The earthquake that struck northeastern Japan on Friday, March 11, was the worst natural disaster this country has ever experienced. Although the quake itself was strong enough to shake Tokyo down to its foundations, it was not the quake but the tsunami which followed that wreaked real havoc, destroying entire towns and cities, claiming thousands of lives, and setting off a nuclear crisis which has yet to be contained.


Considering the scale of the disaster, the Japanese government could not help but be caught off guard. However, I think it’s fair to say that officials handled the situation well under very difficult circumstances and learned quickly after a few initial missteps.

From a communications perspective, the government faced numerous challenges as the disaster unfolded. First and foremost, the current government has been in place for less than a year, and had not yet been tested by a crisis of this scale. Secondly, the situation developed so rapidly, with the focus shifting from the earthquake and tsunami to the nuclear crisis, that it was all officials could do to announce each new development; there was no opportunity for reflection or analysis.

The government also faced a major organizational challenge in the lack of a central body which oversees official communications. Although an international division within the Cabinet Public Relations Office was established last year, helping the current government be better prepared to disseminate news than the previous government might have been, the crisis highlighted the need for a central organization that can perform the critical communications functions of intelligence gathering, analysis, and message delivery, and which coordinates the communications of various ministries and other government bodies. The crisis generated countless data—we are now more familiar with magnitudes and millisieverts than we ever hoped to be—but the government’s chief failing was its inability or unwillingness to explain what any of it meant.


In this sense, the Japanese government has much to learn from its foreign counterparts. The US government’s recommendation for a 50-mile evacuation zone around the nuclear facilities and clear explanation of threats faced by people within and without that zone went a long way to easing public fears about radiation. Similarly, when the British Embassy arranged a public roundtable with leading nuclear experts, and those experts did not shy away from discussing worst-case scenarios, they addressed the public’s need for meaning in a way that the Japanese government had not done before. I hope the Japanese government will take the actions of other governments to heart. It is not enough to communicate accurately; we must also communicate effectively, and provide context and analysis which allow the audience to understand what the information they’re being presented with actually means.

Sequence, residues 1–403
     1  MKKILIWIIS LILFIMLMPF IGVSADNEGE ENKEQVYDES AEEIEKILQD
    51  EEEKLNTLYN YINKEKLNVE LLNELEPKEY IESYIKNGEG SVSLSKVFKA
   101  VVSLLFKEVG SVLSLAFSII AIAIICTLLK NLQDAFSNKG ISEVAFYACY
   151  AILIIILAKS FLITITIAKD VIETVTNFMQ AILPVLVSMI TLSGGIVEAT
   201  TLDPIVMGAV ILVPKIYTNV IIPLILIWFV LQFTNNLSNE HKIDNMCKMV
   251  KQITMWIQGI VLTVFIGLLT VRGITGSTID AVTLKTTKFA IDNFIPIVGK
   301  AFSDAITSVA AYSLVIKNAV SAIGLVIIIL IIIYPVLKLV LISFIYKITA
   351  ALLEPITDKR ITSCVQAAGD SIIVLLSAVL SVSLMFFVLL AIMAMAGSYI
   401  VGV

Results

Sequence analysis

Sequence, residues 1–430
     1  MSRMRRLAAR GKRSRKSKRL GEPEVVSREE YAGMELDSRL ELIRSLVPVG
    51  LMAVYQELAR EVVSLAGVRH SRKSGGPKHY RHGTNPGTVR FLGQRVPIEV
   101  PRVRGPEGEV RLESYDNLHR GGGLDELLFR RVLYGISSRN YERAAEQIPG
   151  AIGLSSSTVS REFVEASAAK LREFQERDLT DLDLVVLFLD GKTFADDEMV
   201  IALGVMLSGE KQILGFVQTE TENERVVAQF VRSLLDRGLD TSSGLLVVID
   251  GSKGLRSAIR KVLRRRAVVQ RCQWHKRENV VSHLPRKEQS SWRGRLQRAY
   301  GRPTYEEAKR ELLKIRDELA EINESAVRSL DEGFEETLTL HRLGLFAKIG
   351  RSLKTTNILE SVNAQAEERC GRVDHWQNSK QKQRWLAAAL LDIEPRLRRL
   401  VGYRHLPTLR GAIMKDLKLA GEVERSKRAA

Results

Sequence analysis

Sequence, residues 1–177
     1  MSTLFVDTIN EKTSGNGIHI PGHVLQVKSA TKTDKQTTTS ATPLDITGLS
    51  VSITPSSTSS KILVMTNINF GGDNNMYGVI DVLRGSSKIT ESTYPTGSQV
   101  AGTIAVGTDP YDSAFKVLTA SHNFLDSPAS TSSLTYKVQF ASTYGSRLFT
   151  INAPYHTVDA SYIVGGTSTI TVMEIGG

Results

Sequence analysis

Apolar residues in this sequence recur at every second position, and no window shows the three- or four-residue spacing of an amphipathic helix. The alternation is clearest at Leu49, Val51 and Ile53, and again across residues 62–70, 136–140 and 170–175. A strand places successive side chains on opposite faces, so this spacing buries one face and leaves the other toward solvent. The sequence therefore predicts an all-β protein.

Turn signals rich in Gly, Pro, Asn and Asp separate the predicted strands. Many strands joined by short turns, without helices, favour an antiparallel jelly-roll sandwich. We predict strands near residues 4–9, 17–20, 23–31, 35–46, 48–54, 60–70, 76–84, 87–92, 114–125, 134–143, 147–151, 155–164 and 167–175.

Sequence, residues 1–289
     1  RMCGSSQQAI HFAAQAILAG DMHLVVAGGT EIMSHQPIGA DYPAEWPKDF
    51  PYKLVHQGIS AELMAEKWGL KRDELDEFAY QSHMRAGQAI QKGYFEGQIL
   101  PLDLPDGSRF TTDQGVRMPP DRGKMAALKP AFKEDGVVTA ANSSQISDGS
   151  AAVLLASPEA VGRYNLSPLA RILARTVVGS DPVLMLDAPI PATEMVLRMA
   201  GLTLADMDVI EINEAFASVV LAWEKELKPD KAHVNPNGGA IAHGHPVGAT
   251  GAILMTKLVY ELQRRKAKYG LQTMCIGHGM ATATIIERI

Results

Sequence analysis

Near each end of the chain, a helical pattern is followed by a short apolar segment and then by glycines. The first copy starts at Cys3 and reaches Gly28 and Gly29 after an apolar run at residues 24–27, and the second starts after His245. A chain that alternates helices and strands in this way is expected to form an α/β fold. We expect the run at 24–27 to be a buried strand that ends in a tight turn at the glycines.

I believe the crisis will have a profound effect on the communications landscape in Japan going forward. One positive that has emerged is a widespread recognition across both the public and private sectors of the importance and value of communications.

This crisis will give Japan the opportunity to innovate, much as it did in the aftermath of World War II, and to promote its leadership in areas such as environmental and safety-related technology. For communications firms with a global reach, there is a significant opportunity to help Japanese organizations, be they public or private, develop and share their messages with the world.

Shin Tanaka is president of Fleishman-Hillard Japan